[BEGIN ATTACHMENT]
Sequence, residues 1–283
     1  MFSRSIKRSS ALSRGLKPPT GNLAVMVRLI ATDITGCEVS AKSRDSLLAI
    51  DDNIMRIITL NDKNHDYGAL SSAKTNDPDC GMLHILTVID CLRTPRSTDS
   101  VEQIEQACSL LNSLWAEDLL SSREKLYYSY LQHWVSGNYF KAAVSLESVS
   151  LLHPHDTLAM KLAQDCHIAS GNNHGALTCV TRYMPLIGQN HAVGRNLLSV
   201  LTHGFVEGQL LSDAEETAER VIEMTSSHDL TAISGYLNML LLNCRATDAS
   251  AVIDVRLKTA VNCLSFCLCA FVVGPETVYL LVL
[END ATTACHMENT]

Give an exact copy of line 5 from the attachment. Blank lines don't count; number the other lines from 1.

   151  LLHPHDTLAM KLAQDCHIAS GNNHGALTCV TRYMPLIGQN HAVGRNLLSV